Immunovo Negotiates Deal for Pepscan’s Therapeutic Vaccine Portfolio
Firm says partnering vaccines will allow it to concentrate on CLIPS-based mAbs.!--h2>
Pepscan is to receive a minority stake in Immunovo as part of the companies’ agreement to partner on development of Pepscan’s therapeutic vaccine portfolio. Pepscan will also receive an undisclosed cash payment.
The firm says partnering its vaccine candidates will allow it to concentrate its resources on the development of mAbs and therapeutic peptides using its protein mimicry technology, CLIPS™ (chemical linkage of peptides onto scaffolds).
“Pepscan created a rich development pipeline of therapeutic vaccines, of which the most advanced is in Phase II clinical development,” remarks Joost van Bree, Immunovo CEO. “We are confident that with our specific expertise we will be able to expedite the development of this portfolio, which also includes a proprietary VEGF-A vaccine that could be useful for the treatment of certain cancers.”
Pepscan is developing mAbs against a number of disease-relevant G-protein coupled receptors (GPCRs) primarily in the field of oncology. The firm is using its CLIPS mapping technology to identify the binding sites of the GPCR ligands and use the resulting CLIPS immunogens that mimic the ligand binding sites to induce antibodies against the native receptor that behave as functional antagonists.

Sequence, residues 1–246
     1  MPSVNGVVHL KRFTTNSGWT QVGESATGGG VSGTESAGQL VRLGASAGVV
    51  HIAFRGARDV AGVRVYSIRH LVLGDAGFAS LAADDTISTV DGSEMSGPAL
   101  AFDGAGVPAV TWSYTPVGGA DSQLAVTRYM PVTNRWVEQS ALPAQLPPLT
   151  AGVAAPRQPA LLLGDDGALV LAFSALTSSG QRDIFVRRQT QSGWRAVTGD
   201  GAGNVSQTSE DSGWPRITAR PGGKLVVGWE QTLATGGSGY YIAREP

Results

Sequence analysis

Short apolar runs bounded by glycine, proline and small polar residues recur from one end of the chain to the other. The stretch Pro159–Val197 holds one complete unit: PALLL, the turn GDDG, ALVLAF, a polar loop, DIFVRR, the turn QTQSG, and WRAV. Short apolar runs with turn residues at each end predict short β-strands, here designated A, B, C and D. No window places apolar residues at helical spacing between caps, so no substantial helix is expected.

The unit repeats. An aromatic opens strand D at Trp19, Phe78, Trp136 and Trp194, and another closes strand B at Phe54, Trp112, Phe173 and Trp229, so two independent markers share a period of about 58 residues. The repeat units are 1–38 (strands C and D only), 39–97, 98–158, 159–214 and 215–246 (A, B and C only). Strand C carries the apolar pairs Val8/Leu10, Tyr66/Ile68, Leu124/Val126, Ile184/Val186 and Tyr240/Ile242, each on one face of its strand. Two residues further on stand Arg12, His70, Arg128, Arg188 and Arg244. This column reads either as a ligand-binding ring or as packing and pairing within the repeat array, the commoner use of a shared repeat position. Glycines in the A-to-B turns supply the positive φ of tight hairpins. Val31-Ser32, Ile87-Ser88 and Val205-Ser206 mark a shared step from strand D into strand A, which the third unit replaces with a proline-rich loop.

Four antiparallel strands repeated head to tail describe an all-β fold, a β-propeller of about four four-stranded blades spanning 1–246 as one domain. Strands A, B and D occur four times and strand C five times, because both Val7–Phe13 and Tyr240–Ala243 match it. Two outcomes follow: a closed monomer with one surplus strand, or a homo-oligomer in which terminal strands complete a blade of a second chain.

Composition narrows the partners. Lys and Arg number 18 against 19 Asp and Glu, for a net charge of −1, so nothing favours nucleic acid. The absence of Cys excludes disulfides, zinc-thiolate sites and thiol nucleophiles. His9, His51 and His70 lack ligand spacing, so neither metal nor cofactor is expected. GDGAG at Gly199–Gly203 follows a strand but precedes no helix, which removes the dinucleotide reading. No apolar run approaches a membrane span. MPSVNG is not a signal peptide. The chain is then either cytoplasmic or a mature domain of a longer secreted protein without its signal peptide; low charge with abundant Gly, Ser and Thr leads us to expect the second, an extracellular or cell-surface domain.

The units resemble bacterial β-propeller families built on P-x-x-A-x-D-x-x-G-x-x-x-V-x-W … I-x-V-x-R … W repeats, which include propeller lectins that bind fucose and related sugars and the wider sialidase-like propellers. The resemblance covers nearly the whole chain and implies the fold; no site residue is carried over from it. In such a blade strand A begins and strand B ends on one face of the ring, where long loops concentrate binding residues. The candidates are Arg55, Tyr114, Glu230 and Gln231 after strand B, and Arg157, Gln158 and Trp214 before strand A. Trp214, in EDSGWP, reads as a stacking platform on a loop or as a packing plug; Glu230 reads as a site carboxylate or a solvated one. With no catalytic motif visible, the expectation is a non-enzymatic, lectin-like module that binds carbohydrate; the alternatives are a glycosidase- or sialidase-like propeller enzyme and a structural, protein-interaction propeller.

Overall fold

Pepscan is also developing products based on its Cys-knot truncation technology (TRUNC™). The family of structurally related Cys-knot proteins includes therapeutically relevant targets such as VEGF, TGF, and PLGF, the firm explains. Using its TRUNC technology Pepscan is developing Cys-knot fragments that mimic the essential binding elements of individual Cys-knot proteins to potentially develop neutralizing antibodies. The firm has already applied to VEGF, and claims it has synthesized a fragment that structurally mimics the complete binding site of Roche’s Avastin, which is capable of raising neutralizing antibodies against VEGF both in vitro and in vivo.